If memory serves, I still have a 2010 Lubuntu installation DVD, and maybe even one from 2008. Haven't installed 18.04 yet, am waiting for Rev 1 based on much experience of new Lubuntu releases. The Win7 partition is down to a few hundred MB now, I just keep it there in case UEFI starts giving problems with Linux, although that possibility has pretty well vanished now as far as I can see.
I keep and update a bootable partition with the latest (more conservative) version of LXLE on it, as a reminder of what Lubuntu should be (in my opinion), and that's what I usually entrust newbie Linux users to.
Last couple of years I've had good experiences with MX16 and MX17, and probably boot into the latter about 80% of the time now. But Lubuntu is still the default boot-up distro.
I have a lot of pleasure with, e.g, Fat Dog, 4MLinux, CoreOS - I'm about to start playing with this and BusyBox just to build my own light (<500MB .iso) custom distro in preparation for dipping my toes into the maelstrom of Android replacement on tablets (I have a couple to spare), maybe a Gemini in the near future if I can get my hands on one, see if I can de-Google a spare no-name Android 6 smart-phone that has to return from a warranty repair which has already taken so long that I bought a new Huawei out of frustration.
A later step would probably be to invest in Jolla's Sailfish which may have the potential to become my universal platform...?
Linux is never ... boring! (Apart that is, for its resolute refusal to terminate disastrously,)
97 • Same distro (by argent on 2018-04-13 03:10:25 GMT from United States)
Have been a long time Debian user and content up to Wheezy, not a fan of systemd and embraced Devuan early on. Very happy with the progress the devs has made with their release.
AntiX was my favorite distribution and happy they had joined the systemd-free effort. Have it now installed on my laptop with Devuan ascii on my main machine.
98 • @16, about 1995 (by RJA on 2018-04-14 01:32:08 GMT from United States)
I was the same age in 1995, LOL. I was a computer noob at best... I had difficulty even remembering how to use Windows...
99 • Been Using Manjaro... (by Rinav on 2018-04-14 06:30:35 GMT from India)
After lots of hopping I finally setteled for Manjaro for almost 4+ years, I dont even remember. I have tested almost all of their flavours. I probably will never switch to another distro, as Manjaro is Rock Solid Stable distro with amazing and helpful community
100 • Poll (by Alessandro di Roma on 2018-04-14 13:20:20 GMT from Italy)
Xubuntu LTS by several years, now 16.04, soon 18.04!
101 • More than a year with UbuntuMATE (by Roy on 2018-04-15 23:44:26 GMT from United States)
I went to UbuntuMATE so I could have the Chrome web browser and Adobe flash player which would let me use HULU on my computer. Now it says on the HULU website that I have to have a Java script enabled on Chrome and adjust my Internet security so that HULU can work on my computer. But HULU works fine on my Roku HDMI stick without this hassle after I updated it to get around the DRM problem. Listening to the SMLR (Sunday Morning Linux Review) got me to thinking about dropping Chrome, Adobe, and maybe just going back to Debian.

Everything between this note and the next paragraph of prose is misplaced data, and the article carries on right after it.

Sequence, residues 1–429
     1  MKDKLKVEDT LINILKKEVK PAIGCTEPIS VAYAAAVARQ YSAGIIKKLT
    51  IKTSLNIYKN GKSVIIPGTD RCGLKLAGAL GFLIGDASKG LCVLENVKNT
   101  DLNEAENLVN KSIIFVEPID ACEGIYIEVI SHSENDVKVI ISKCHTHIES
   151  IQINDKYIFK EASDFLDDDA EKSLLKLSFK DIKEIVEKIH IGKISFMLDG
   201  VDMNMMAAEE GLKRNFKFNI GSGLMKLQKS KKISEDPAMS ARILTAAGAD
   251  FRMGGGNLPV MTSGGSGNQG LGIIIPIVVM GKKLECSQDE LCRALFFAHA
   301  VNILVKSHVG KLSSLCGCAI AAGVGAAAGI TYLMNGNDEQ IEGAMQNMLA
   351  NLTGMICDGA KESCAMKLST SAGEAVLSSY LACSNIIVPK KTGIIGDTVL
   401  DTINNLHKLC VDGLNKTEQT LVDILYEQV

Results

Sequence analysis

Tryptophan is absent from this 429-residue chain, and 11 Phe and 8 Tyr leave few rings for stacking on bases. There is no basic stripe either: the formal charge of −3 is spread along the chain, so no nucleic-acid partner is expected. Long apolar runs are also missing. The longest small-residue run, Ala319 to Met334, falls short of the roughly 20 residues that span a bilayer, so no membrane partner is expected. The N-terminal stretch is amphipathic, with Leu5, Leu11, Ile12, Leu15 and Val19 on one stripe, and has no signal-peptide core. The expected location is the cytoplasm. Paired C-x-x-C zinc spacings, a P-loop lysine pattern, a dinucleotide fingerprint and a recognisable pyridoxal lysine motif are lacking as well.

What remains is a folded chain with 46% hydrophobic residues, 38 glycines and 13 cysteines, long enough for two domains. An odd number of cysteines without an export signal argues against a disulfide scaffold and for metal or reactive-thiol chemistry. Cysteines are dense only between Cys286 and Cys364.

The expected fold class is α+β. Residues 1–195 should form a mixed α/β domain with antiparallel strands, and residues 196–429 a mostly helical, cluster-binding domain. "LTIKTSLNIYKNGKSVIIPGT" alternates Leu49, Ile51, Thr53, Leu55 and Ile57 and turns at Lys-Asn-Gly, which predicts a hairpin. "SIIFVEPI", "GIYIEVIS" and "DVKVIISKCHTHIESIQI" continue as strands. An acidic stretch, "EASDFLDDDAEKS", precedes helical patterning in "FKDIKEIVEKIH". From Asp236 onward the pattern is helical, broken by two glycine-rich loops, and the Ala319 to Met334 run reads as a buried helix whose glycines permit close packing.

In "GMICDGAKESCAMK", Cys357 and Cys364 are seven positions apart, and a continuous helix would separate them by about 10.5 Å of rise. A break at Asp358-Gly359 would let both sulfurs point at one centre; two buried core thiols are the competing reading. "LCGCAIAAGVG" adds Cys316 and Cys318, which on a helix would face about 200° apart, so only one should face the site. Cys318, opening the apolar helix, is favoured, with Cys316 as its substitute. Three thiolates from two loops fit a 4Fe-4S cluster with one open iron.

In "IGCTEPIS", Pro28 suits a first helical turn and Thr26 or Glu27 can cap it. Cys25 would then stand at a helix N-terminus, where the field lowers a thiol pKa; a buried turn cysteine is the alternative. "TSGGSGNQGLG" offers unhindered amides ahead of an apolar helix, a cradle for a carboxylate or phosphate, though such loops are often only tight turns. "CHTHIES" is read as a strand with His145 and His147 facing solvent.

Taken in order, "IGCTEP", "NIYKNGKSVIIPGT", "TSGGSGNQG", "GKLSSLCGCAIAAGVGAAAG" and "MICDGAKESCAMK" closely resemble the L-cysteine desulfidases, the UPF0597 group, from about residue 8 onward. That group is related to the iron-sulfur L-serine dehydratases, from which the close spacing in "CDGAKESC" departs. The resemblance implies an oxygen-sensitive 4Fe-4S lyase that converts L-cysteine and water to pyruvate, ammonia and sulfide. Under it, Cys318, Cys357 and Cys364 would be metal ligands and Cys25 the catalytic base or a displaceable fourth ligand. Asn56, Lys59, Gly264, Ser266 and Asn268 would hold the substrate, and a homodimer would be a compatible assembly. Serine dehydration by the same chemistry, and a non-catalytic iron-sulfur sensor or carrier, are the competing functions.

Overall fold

Number of Comments: 101
Display mode: DWW Only • Comments Only • Both DWW and Comments
|• Issue 777 (2018-08-20): YunoHost 220.127.116.11, limiting process resource usage, converting file systems on Fedora, Debian turns 25, Lubuntu migrating to Wayland|
|• Issue 776 (2018-08-13): NomadBSD 1.1, Maximum storage limits on Linux, openSUSE extends life for 42.3, updates to the Librem 5 phone interface|
|• Issue 775 (2018-08-06): Secure-K OS 18.5, Linux is about choice, Korora tests community spin, elementary OS hires developer, ReactOS boots on Btrfs|
|• Issue 774 (2018-07-30): Ubuntu MATE & Ubuntu Budgie 18.04, upgrading software from source, Lubuntu shifts focus, NetBSD changes support policy|
|• Issue 773 (2018-07-23): Peppermint OS 9, types of security used by different projects, Mint reacts to bugs in core packages, Slackware turns 25|
|• Issue 772 (2018-07-16): Hyperbola GNU/Linux-libre 0.2.4, UBports running desktop applications, OpenBSD auto-joins wi-fi networks, boot environments and zedenv|
|• Issue 771 (2018-07-09): Linux Lite 4.0, checking CPUs for bugs, configuring GRUB, Mint upgrade instructions, SUSE acquired by EQT|
|• Issue 770 (2018-07-02): Linux Mint 19, Solus polishes desktop experience, MintBox Mini 2, changes to Fedora's installer|
|• Issue 769 (2018-06-25): BunsenLabs Helium, counting Ubuntu users, UBports upgrading to 16.04, Fedora CoreOS, FreeBSD turns 25|
|• Issue 768 (2018-06-18): Devuan 2.0.0, using pkgsrc to manage software, the NOVA filesystem, OpenBSD handles successful cron output|
|• Issue 767 (2018-06-11): Android-x86 7.1-r1, transferring files over OpenSSH with pipes, LFS with Debian package management, Haiku ports LibreOffice|
|• Issue 766 (2018-06-04): openSUSE 15, overview of file system links, Manjaro updates Pamac, ReactOS builds itself, Bodhi closes forums|
|• Issue 765 (2018-05-28): Pop!_OS 18.04, gathering system information, Haiku unifying ARM builds, Solus resumes control of Budgie|
|• Issue 764 (2018-05-21): DragonFly BSD 5.2.0, Tails works on persistent packages, Ubuntu plans new features, finding services affected by an update|
|• Issue 763 (2018-05-14): Fedora 28, Debian compatibility coming to Chrome OS, malware found in some Snaps, Debian's many flavours|